“Nothing Breaks Like A Heart…AKA, “[Don’t] Take Another Little Piece of My Heart Now Baby”

Waaaaaay back when I was born, my mother was told that I had a slight heart murmur that I would most likely grow out of. I did.

In college, too much stress + bad food choices + lack of sleep + tooooooo much caffeine = Cardiac Arrhythmia, which eventually resolved. Everything was juuuuuust fine….

Until it wasn’t.

In 2006, I became pregnant with my first child. As a first-time mom, my complaints of, “Hey, I really can’t breathe too well,” and “Um, Doc? I can’t get enough breath support to sing,” were written off as new-mom, “well, what do you expect? You have a human pressing on your diaphragm,” rhetoric and explained away (I’m just a woman, Mr. Doctor. What do I know?).

2 months before I was due, I started seeing double, having migraines, and throwing up. Basic science diagnosed me with severe preeclampsia, and do you know what the “cure” for preeclampsia is? Delivery. So, my daughter was delivered 6 weeks early, and I was “gonna be just fine, ma’am,” said Mr. Third-Generation-I-Know-Everything OB-GYN….

Until it wasn’t.

2 days after I delivered, I couldn’t breathe…coughing and choking on top of a C-section incision is no fun. My sister ran for help, my mother prayed in tongues at the top of her lungs, and the nurses (who were in the middle of changing shifts, as of course, I have fantastic timing) & doctors realized I was in severe congestive heart failure. Over 20 pounds of fluid were drained out of my heart and lungs in the next 24 hours, and I went in for the fight of-and-for my life….while also trying to be a new mom to a premature infant.

Peripartum cardiomyopathy with congestive heart failure and pulmonary hypertension became the noose of a diagnosis that hung around my neck for the next 6 years as I went from specialist-to-specialist, trying to find a cardiologist that would both “fix” me, and would work with me as I wanted to try to have another child.

Once the heart has been blown up in CHF (my left ventricle was three times the size of the rest of my heart. I like to call it, “Grinch Syndrome.”), it tends to sort of hang around like a balloon that’s been overstretched. It’s kinda gross, if you think about it. My heart was literally broken in every possible way….by my body, by grief, by everything.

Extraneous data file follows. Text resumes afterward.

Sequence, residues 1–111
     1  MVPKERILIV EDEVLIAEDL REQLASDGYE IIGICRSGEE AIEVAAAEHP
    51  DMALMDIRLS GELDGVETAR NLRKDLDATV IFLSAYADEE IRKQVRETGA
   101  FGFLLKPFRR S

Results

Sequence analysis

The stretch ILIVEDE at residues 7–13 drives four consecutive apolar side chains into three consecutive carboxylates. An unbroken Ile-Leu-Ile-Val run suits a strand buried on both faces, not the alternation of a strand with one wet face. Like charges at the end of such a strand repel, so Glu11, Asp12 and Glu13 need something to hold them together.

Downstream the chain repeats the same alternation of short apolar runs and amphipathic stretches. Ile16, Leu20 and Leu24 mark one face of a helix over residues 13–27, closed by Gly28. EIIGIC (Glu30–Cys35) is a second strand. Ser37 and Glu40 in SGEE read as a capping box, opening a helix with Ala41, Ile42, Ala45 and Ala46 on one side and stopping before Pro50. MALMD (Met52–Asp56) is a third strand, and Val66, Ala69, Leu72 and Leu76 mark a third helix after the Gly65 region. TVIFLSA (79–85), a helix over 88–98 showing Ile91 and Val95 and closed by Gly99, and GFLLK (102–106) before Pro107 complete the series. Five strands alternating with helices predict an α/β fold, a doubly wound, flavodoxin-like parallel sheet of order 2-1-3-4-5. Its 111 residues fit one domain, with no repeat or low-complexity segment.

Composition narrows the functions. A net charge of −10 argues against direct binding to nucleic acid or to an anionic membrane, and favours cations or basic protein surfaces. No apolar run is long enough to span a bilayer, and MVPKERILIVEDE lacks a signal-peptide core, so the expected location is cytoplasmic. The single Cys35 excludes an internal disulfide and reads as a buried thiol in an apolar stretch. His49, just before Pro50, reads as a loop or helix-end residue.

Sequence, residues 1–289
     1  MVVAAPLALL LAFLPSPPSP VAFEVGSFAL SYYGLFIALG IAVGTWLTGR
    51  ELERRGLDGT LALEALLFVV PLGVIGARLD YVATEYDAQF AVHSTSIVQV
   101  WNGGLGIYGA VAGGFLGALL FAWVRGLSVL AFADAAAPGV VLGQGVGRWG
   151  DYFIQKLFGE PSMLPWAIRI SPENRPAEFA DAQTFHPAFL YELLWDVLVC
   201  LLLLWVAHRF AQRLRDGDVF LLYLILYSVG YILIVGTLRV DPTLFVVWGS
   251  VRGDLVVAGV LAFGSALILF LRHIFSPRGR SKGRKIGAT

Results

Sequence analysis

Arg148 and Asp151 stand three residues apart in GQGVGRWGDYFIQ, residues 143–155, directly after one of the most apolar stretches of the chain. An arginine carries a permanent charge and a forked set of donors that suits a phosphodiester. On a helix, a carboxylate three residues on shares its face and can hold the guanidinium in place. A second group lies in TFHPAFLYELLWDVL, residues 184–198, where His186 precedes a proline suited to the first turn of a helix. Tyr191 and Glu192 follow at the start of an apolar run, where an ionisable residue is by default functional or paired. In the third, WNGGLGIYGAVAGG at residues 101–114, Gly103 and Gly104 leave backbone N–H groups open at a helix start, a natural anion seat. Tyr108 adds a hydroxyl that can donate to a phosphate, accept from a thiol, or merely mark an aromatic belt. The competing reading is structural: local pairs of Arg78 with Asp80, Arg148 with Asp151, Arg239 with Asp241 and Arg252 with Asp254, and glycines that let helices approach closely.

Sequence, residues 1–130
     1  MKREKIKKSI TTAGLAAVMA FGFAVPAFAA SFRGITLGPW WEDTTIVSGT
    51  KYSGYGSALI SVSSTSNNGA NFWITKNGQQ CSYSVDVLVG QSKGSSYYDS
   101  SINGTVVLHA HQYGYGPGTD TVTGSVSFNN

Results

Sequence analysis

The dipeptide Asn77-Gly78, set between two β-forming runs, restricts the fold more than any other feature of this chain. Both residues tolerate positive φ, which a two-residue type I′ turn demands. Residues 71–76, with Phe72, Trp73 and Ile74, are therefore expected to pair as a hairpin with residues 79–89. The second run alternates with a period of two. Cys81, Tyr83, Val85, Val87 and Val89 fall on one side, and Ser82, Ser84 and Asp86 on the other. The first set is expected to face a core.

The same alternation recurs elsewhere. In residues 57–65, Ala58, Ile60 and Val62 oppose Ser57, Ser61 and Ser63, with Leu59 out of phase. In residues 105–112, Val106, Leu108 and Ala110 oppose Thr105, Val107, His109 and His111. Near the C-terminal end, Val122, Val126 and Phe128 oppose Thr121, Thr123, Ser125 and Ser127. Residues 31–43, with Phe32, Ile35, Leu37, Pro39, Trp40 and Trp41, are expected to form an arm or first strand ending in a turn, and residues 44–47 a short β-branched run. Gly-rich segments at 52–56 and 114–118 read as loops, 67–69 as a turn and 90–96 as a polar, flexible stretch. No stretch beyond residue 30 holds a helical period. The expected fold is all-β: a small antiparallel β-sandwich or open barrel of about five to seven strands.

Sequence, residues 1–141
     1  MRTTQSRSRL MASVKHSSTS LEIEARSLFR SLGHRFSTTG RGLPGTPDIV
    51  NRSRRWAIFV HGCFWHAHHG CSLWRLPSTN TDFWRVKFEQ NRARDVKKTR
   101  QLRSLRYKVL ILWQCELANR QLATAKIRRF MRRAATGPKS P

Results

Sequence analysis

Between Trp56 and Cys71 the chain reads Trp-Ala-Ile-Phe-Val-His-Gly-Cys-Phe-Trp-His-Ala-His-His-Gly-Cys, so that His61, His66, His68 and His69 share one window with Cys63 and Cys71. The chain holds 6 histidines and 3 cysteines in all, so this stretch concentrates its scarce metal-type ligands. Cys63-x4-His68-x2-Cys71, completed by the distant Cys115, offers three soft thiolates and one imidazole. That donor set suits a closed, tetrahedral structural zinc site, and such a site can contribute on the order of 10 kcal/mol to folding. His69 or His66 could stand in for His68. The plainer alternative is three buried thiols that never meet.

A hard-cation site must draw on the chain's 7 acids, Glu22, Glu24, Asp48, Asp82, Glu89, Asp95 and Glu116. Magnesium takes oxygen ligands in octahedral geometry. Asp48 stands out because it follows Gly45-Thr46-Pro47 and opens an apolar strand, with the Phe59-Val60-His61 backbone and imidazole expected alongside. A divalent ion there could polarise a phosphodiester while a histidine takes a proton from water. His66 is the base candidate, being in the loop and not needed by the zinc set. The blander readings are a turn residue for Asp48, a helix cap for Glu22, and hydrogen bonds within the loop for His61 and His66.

Image result for grinch's small heart grew

So, I had a few years of echocardiograms, medications, etc., until I found a doctor at Missouri Baptist that ordered more tests and found that my heart issues, outside of blood pressure, had miraculously resolved. I didn’t have any of the long-term problems they expected me to have, and we went on to have Jericho with the help of infectious disease specialists, cardiologists, perinatologists, and a whoooooole lotta grace from God….but it wasn’t without consequences.

As expected, even with a strict regiment of really miserable medications, I went into heart failure towards the end of my pregnancy with Jericho, and was rewarded with a lengthy hospital stay. After delivery, and after promising to never try to have any other children, I have a continued medication regiment that I’ve stayed on, and will be on for the rest of my life. I have my son; I have ZERO regrets.

The meds work great! Most of them are the same ones I’ve been on since 2006, with very few side effects, and with positive results. My CHF numbers stay low (the key number is the ejection fraction for the left ventricle. I’ve been under 10% before. My current numbers are around 40-50%, which is almost normal). My weight has been a challenge (particularly in the post-thyroid world), but has stayed in the same general area since my first pregnancy (give or take 40#. I gain, I lose, I gain, etc.), and my blood pressure stays under control with medication…it’s all working, which is crucial.

SO, why am I telling this story? Why does it matter? It matters, because YOU matter. 1 in 3 women in America are dealing with some sort of heart disease–that’s more than all other cancers, combined: https://www.goredforwomen.org/en/about-heart-disease-in-women

Per the Go Red for Women campaign, “80 percent of cardiac and stroke events may be prevented with education and action.” That’s what we can do. That’s what I can do–I can share my story, and maybe help others to become aware of the resources, the signs and symptoms, and the protocols that can help them understand heart disease more clearly. Knowing is the first step of prevention, right?

Today, my heart is functioning pretty darn well. In fact, I really don’t think about it very often, which is awesome when you consider that at one point, it was ALL I thought about…I couldn’t go up the stairs in my own home without feeling like I was going to pass out! I don’t have any limitations from cardiac issues, and I don’t worry about it…but I AM very conscious of it, and of paying attention to it when something seems “off.” I had some episodes last year of almost passing out. I wanted to ignore them, but I know better, so I called my cardiologist. Turns out, my blood pressure medication needed a simple adjustment….it was nothing complicated, and a simple phone call, and listening to my body, made all of the difference.

Take care of your heart, people. It really is the engine that drives you…and we all know that if the engine is broken, you’re not going anywhere. Love your heart….Live Fierce…and Go Red for Women!!!

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